Hydrogen is a fuel that is environment friendly but its availability as a vehicle fuel is one drawback. Toyota is now working on adapting the hydrogen car technology it has used in its Mirai sedan to design emission free heavy duty trucks.
In a statement issued by the company, Toyota stated that it is making preparations to test a large-scale hydrogen powertrain in a semi-trailer truck as part of a feasibility study in California. In the statement, Toyota has said that the company has long promoted hydrogen fuel cell technology as a zero-emission solution for a wide range of vehicle types. A heavy-duty truck-sized fuel cell vehicle will pave the way for the development of a potential zero-emission freight transportation solution in the future. The company did not divulge further details about the scale of the test program or the number of vehicles that would be involved but did state that it would release more details by 2017.
There is plenty of hydrogen in the atmosphere but converting it into a form that is suitable for industrial uses involves a process that results in the emission of some gases which can have a negative effect on the environment. Though hydrogen can also be created through splitting of water molecules using electricity made from solar or wind energy, this cannot be done on a large scale. Another potential source of hydrogen is from methane vapors that emanate from landfills and waste-treatment facilities, as is the case in similar programs in Japan and California.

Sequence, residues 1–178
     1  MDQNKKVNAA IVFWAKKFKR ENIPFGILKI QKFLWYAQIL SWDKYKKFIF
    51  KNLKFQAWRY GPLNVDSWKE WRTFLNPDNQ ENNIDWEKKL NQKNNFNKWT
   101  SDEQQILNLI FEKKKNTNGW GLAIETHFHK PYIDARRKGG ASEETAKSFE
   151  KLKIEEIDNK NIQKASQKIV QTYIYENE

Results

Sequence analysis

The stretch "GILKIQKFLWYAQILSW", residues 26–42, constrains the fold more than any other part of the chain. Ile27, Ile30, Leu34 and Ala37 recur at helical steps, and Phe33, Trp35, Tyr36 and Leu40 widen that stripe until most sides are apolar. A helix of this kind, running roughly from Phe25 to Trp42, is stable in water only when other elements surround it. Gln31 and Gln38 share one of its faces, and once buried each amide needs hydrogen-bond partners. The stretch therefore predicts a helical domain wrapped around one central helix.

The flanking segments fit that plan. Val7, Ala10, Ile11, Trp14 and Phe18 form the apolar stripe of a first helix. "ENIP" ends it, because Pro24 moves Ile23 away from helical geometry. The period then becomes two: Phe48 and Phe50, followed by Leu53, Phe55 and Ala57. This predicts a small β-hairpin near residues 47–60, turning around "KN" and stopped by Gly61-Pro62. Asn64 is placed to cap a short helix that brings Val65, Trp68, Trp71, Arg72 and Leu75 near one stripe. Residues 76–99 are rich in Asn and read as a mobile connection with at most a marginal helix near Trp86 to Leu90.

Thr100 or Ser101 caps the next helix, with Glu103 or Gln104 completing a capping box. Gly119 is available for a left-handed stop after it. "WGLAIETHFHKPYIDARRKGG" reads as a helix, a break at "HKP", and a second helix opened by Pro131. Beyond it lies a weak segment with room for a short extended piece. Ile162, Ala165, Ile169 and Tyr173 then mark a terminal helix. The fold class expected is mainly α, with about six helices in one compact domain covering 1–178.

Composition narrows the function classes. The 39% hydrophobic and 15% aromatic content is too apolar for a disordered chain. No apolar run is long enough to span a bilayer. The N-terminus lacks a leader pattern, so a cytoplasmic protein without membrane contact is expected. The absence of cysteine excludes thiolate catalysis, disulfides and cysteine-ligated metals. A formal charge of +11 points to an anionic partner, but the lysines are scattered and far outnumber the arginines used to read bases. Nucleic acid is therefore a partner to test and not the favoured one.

Hydrogen fuel cells generate electricity as the outcome of a chemical reaction between hydrogen and oxygen, in which the only byproduct is water. Unlike electric vehicles in which energy is stored in a battery which needs to be recharged, electricity is generated in fuel cell vehicles.
Though the emphasis on more energy efficient and cleaner vehicles is expected to ease up in the United States after Trump’s election, other markets like Japan, China and Europe are likely to soon have environmental policies that are likely to become much stricter with regard to the use of cleaner energy for automobiles.
Toyota is likely to do its testing in Hino trucks which are made by the carmaker’s commercial truck subsidiary.
Hamid Moaref has always been fascinated by cars and the automotive industry. His family has a longstanding association with the industry and has been in the tire business for the past 35 years. Raised in Dubai, Hamid attended Capilano University in Vancouver where he graduated with a BBA in marketing before attending an intensive course in magazine publishing in 2005. He has been the publisher and chief editor of Tires & Parts magazine for the past ten years.
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